We all want our kids to grow up to be as independent as possible, right? As the mother of two boys, who are now somehow almost 18 and just turned 13, I know it is on my mind quite a lot. Did you know that the independence our kids show as older kids and teens starts when they're babies? Even in the womb? And the foundation of independence is actually dependence and interdependence? Let me explain.
As I'm sure you probably already know, young children need a strong connection and lots of time and energy on the part of their parents. It is appropriate developmentally for young children to be fully dependent, even if our culture suggests otherwise.
To take it a step further, the relationship between parent and child is really inter-dependent because it is a relationship with rich communication between both parents and child, beginning even before birth. Spending the time to be present in all ways (not perfectly or every minute, but being "present enough") and care for them is truly an investment in their social, emotional, and future mental health. All children need to have a strong bond with at least one adult. We know this connection makes all the difference. Children need to be seen, heard, and felt, as Ray Castellino states about babies. It's really what we all need.
What happened in their early years becomes especially important as children reach the pre-teen and teen years. This is the time when children still need to be connected, still need to have parents who are invested in them, but are ready for more independence in a series of forward and backward steps. They're still very much inter-dependent, just in new ways.
|Photo credit: Laurel Perry,
But this is the part that can be really tricky for us as parents. How much is too much decision-making for these older, yet still young, kids? How much isn't enough? What about sleep and technology? What about their education? Helping around the house? Their relationships with their friends? How do we foster inter-dependence here? They're not the only one in the family, so it can't just be whatever they want to do and disregarding everyone else's needs.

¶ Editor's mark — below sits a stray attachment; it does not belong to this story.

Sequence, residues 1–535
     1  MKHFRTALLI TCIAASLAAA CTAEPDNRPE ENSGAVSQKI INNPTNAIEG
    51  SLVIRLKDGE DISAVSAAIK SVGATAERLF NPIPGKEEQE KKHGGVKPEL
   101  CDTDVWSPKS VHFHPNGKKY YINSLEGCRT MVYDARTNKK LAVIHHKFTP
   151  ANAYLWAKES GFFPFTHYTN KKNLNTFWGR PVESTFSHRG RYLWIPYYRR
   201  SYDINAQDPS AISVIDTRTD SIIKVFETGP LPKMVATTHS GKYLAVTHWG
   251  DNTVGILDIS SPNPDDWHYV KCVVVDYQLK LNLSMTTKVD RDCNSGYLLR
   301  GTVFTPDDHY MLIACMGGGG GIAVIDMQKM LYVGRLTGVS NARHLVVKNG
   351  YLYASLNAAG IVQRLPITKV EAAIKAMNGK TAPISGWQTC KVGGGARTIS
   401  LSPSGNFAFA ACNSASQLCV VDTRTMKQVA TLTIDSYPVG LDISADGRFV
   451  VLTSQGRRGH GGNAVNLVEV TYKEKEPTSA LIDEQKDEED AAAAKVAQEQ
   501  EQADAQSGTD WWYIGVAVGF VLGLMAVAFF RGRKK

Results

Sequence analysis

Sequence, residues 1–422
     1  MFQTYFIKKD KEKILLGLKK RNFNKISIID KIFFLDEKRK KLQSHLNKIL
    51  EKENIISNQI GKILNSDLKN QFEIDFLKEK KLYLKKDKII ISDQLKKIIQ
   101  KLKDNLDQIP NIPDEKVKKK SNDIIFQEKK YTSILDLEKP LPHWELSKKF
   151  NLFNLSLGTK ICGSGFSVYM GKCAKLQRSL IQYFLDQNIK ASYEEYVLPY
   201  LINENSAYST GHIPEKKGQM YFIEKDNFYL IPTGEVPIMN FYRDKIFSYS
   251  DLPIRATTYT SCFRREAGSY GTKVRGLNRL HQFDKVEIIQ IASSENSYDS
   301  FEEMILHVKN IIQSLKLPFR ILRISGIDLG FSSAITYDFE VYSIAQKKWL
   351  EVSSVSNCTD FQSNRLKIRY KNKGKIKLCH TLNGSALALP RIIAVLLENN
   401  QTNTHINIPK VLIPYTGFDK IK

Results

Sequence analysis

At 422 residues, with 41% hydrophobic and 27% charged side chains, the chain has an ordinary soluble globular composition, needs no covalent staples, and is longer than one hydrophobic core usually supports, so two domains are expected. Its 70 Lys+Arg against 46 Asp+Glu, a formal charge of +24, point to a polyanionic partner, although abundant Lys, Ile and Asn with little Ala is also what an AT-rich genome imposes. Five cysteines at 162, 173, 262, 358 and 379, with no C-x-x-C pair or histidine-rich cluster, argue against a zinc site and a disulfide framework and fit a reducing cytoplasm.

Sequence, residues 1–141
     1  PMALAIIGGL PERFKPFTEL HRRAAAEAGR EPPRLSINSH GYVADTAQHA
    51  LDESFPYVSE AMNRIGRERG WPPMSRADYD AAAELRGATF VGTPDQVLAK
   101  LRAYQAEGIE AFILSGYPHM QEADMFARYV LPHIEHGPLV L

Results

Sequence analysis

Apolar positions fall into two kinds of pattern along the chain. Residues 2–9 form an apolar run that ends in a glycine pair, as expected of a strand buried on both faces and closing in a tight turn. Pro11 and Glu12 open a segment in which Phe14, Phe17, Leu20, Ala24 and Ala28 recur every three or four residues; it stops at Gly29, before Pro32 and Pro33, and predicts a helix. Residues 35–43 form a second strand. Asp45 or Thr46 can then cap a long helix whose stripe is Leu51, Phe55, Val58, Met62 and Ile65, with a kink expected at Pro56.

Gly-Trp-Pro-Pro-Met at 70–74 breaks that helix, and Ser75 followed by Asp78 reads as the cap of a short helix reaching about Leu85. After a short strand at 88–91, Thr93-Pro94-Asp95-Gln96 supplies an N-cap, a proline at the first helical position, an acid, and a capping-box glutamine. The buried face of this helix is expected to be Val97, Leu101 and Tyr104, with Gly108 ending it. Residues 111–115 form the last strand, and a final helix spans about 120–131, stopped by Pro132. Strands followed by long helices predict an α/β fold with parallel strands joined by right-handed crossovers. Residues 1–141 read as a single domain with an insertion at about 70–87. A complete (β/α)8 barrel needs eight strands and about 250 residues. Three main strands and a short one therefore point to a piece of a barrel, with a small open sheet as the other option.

The answer comes out of our relationship, of how well we know our kids and the strength of our bond, as we head into adolescence together. We are the ones who know our children and can encourage them as we see they are ready for another step without pushing too much (our agenda). When we can really see who they are and where they are, putting our own ideas aside, we can guide them to take the steps they're ready to take.
Here's a personal story from my own family, including a picture taken from that same day.
When my youngest was 8, we moved to a new condo complex. There were many buildings and lots of places to get lost, so for a little while, he wouldn't venture out on his own past the hallway in front of our apartment. I respected that we had just moved and also that he is my kid who tends to be directionally challenged anyway, so I watched and waited, encouraged and connected. We talked about how to get different places each time we went out together (scaffolding- giving him a structure upon which to learn) and I let him know that he would know when he was ready and knew where to go.
One evening, I was down at sunset inside the complex with some friends and he called me from the apartment phone to say that he was going to walk down by himself. About 5 minutes later, he was there, full of pride at what he had accomplished. We took this picture as he paused and took in the sunset after his walk down on his own. He was 9 by this time and he was ready for this step in his independence.
But pay attention to something here. Just like when toddlers are exploring a new environment, they need to go out into the world and then come back to check in with us again. They move away, then move closer together to connect. The same happens as our kids grow. We're still their touch-point, their secure base, ideally. My son explored on his own and connected back in with me when he reached his destination.
|Photo Credit: Tra Hitt http://trapixweb.com|
Learning how to support your children toward independence is a dance of moving away and coming back together, much like when they first learned to walk. Sometimes it is difficult or scary to watch them move away with the potential for getting hurt (whether it is with friendships, the possibility of getting physically hurt or emotionally hurt, or making mistakes that might have long term consequences). We want to protect our kids AND we need to help them learn to trust themselves, and to protect themselves, at age appropriate and developmentally appropriate times.
Many parents have been asking for more support in parenting with attachment in mind with their older kids, so I am setting up some online virtual parenting support classes for parents with children between the ages of 9 and 19 (ish) who want some support in finding their way with their kids.
Class sizes are limited to 8 families AND I'm doing something a little different with registration for this class based on your feedback. You get to "pay-what-you-can," starting as low as $10/class!
|Tell Me More about the Tweens and Teens Classes!|
P.S. If you're an Academy member, these courses are included in your membership. No need to sign up. You'll be receiving an email invitation in your monthly newsletter.
P.S.S. More classes are coming for parents of toddlers and preschoolers, and early elementary-aged, too. Watch your email for more information and dates soon